People addicted to social media mostly end up sharing personal details, like photos (own and those of family/friends), contact numbers, email IDs and even addresses, including map location. Some brave ones even share ID cards saying nonchalantly ‘I don‘t have anything to hide'. They are unaware of the risks they may create not only for themselves but for their family and friends. Once you share your personal detail online, it is quite easy for a hacker, or any criminal who may be watching you, to use this information to make a profit either by duping you or by selling your details.
Another reason is that when you send a message to someone who is not following security practices, you can still be spied upon through communication devices. Especially, those brave hearts, who share their IDs on social media, should know that once their identity touches something, there is a chain of events that can be easily followed by spies, hackers and the government, everywhere. Here are some things that we need to avoid, especially in cyber-space.
No Over-exposure: Refrain from sharing each and every moment of your life on social media. This is because you never know who is keeping an eye on you. By sharing photos of your family’s vacation, you are making the world (robbers!) aware that there is no one at your home. The same thing applies when you share your location on social media, which may even endanger lives of your near and dear ones (as some attacker would know that they are alone). Or by posing with your lavish spends (like an expensive SUV or a luxury item), you are attracting the tax authorities. And there should be a strict no for uploading photos of your IDs, credit or debit cards or even your boarding pass on social media. Think twice about what is more important to you—safety, security and, thus, peace of mind or showing off.
Don’t Share: The majority of mobile phone-users in our country still think that their bank manager has a lot of free time and is so worried that he/she is personally calling to make sure that their account or card remains active. What he or she just needs are personal details, like ATM card number (which banks already know) or personal identification number (PIN) and the one-time pass-code (OTP). Some, who share such details for sure, will find money transferred from their bank accounts within seconds. Legitimate service-providers never ask for personal information online or via email or over phone. So, never share your card number, card verification value (CVV), PIN or OTP, especially over the phone.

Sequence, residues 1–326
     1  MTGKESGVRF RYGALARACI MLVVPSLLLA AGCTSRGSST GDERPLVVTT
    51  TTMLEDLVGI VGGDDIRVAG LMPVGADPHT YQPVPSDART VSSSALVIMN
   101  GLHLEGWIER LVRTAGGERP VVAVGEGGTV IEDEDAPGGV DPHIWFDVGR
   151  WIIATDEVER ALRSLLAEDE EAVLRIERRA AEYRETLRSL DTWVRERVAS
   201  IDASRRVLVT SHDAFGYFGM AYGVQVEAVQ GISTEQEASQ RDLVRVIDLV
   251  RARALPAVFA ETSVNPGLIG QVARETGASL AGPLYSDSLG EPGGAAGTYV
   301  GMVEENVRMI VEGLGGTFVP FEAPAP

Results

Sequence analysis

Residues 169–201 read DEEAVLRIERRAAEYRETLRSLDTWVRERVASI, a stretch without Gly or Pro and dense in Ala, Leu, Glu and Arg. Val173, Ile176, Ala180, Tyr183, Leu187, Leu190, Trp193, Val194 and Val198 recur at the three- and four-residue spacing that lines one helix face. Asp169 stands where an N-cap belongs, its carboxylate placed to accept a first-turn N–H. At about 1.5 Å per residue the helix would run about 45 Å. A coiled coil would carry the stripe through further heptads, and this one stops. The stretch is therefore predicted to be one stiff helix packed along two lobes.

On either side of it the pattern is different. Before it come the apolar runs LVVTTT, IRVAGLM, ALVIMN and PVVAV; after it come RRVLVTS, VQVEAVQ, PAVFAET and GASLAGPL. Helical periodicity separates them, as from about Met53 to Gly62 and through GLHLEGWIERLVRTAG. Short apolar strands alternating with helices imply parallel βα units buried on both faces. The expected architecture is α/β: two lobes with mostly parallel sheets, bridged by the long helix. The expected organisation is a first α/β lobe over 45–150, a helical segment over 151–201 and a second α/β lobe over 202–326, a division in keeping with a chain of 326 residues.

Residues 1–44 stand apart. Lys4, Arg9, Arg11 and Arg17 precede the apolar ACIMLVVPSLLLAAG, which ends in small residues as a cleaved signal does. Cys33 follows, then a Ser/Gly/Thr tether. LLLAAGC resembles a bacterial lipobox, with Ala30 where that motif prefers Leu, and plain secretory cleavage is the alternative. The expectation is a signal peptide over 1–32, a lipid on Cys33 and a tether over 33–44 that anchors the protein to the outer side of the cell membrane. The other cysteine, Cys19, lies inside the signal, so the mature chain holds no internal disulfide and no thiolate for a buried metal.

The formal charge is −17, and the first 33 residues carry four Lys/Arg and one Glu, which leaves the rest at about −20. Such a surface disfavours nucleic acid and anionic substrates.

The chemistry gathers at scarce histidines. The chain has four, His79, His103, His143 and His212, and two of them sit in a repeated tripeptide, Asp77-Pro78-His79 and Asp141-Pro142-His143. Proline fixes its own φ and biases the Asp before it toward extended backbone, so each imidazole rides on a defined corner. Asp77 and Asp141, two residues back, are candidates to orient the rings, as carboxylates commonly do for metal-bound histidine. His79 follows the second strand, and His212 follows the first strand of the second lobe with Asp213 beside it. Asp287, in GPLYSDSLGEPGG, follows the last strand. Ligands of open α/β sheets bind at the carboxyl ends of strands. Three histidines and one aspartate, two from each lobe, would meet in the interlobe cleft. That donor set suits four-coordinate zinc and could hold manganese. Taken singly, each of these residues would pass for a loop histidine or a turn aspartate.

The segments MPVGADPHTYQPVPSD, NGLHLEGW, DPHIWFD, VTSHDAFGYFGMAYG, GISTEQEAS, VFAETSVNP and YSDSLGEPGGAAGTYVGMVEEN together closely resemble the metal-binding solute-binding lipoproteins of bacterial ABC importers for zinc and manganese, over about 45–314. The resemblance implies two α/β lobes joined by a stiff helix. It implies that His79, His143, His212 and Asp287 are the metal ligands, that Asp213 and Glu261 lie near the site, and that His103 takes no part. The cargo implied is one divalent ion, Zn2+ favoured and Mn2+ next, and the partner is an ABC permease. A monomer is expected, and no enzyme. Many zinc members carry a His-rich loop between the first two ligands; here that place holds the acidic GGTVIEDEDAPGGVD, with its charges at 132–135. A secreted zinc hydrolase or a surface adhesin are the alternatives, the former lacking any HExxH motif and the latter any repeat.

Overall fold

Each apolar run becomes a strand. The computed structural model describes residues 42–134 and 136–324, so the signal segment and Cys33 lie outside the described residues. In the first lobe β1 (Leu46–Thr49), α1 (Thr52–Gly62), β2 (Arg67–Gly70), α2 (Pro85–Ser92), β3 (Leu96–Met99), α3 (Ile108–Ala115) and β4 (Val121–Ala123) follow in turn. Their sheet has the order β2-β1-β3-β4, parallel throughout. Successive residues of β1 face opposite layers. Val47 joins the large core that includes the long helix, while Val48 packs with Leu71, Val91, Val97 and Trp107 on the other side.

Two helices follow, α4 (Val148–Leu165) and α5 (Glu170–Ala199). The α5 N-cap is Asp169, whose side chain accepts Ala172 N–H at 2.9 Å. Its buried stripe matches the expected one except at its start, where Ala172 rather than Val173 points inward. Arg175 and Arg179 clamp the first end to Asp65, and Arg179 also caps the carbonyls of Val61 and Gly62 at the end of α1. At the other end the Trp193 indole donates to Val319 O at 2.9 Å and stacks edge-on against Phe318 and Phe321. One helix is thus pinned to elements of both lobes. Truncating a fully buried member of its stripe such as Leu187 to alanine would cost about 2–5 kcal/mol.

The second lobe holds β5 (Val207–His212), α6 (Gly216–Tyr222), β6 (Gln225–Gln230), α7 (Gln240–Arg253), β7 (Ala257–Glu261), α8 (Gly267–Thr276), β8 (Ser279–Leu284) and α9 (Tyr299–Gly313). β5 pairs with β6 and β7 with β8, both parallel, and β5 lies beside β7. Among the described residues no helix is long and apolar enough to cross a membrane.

Be Careful While Opening Attachments: Not all attachments are sent, or shared, with good intentions. Be careful about opening any email attachment sent by unknown persons or entities. Some browsers, like Chrome, allow you to open the attachment within its interface without downloading. For messengers or chat apps, like WhatsApp, I would suggest that you disable auto-download entirely. This will not only save your precious data, but also protect you from downloading unwanted files on your mobile phone. In WhatsApp, go to settings > data > storage usage. Here, under media auto-download, you can unselect all types of files, when using mobile data or Wi-Fi. This allows you to decide which attachment to download.
Avoid using Flash: While the web is moving away from Flash, one of the most insecure pieces of software ever written, many people are still using it. Flash has lots of holes that can be easily picked up by hackers to steal data from your computer. So, try to get away from websites that need you to install Flash. Also change security settings in your browsers that will disallow Flash to run automatically.